Medriva

The World Health Organization (WHO) awarded Botswana silver tier status in December of last year in appreciation of the country’s efforts to eliminate human immunodeficiency virus transmission (HIV) from mother to child.

The WHO bestows this award on nations that have reduced mother-to-child transmission to less than 5%, care for expectant mothers, treat more than 90percent of HIV-positive pregnant women, and have less than 500 HIV-transmitted birth rates per 100,000 people.

What you need to know

Every day, approximately 1,400 children become HIV positive, and 1,000 die as a result of HIV-related factors, while approximately 2.5 million children under 15 years of age live with HIV/AIDS worldwide, 1.9 million of them are in  African Sub-Sahara.

As a result, we will investigate what Botswana had done to reduce HIV transmission from mother to child, what other nations should learn from it, and what we all should do to help.

Three crucial facts regarding Botswana’s HIV eradication efforts

Botswana would be the first high-burden nation to be recognised for attaining a  “silver tier” milestone on the path to eradicating mother-to-child transmission.

In HIV-positive women who do not receive any medical interventions, mother-to-child transmission is in the range from 15% to 45 percent during breastfeeding, delivery, and pregnancy.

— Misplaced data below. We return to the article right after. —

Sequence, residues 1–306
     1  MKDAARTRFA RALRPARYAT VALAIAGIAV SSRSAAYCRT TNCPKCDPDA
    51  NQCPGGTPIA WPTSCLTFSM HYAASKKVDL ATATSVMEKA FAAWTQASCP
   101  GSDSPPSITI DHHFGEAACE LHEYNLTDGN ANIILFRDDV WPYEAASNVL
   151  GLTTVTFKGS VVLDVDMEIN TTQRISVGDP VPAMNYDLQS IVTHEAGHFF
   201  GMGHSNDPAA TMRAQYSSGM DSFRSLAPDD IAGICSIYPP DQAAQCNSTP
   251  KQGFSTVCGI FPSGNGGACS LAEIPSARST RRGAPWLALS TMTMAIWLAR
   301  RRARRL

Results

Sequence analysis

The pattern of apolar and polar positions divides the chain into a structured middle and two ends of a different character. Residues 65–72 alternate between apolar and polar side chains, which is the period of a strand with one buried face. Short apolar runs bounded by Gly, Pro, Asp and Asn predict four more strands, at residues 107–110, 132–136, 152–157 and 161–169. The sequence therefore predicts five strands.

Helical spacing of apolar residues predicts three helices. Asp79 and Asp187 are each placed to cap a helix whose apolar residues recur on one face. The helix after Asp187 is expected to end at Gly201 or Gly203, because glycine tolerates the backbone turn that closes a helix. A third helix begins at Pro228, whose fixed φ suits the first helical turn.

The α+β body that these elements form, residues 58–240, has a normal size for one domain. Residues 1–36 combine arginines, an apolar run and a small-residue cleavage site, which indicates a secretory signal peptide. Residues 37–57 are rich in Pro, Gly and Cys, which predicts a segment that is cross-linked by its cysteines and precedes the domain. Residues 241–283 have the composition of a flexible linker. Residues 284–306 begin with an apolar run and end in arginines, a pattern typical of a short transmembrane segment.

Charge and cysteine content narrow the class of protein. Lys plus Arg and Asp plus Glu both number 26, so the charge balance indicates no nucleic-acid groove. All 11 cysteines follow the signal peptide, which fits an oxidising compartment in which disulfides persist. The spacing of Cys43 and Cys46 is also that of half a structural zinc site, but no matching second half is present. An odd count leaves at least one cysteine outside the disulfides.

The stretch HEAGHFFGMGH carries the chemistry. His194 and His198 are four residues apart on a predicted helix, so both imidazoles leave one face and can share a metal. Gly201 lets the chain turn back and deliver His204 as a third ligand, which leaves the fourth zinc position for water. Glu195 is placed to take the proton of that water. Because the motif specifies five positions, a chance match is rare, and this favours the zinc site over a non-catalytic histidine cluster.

90% of HIV-infected babies born to HIV positive mothers are born in African Sub-Sahara.

What are the consequences of Botswana’s efforts?

Botswana joins Bermuda, Cuba, Thailand, and Sri Lanka in receiving “silver tier” certification for its efforts to eliminate this pattern of disease transmission. However, Botswana deserves special recognition for its efforts because no other nation on the WHO’s list was dealing with an epidemic as serious as Botswana’s.

Following Botswana’s recognition, UNICEF’s Regional Director for Eastern and Southern Africa, Mohammed Fall, said, “We congratulate Botswana for this great accomplishment, which serves as a motivation to other nations in Eastern and Southern Africa.”

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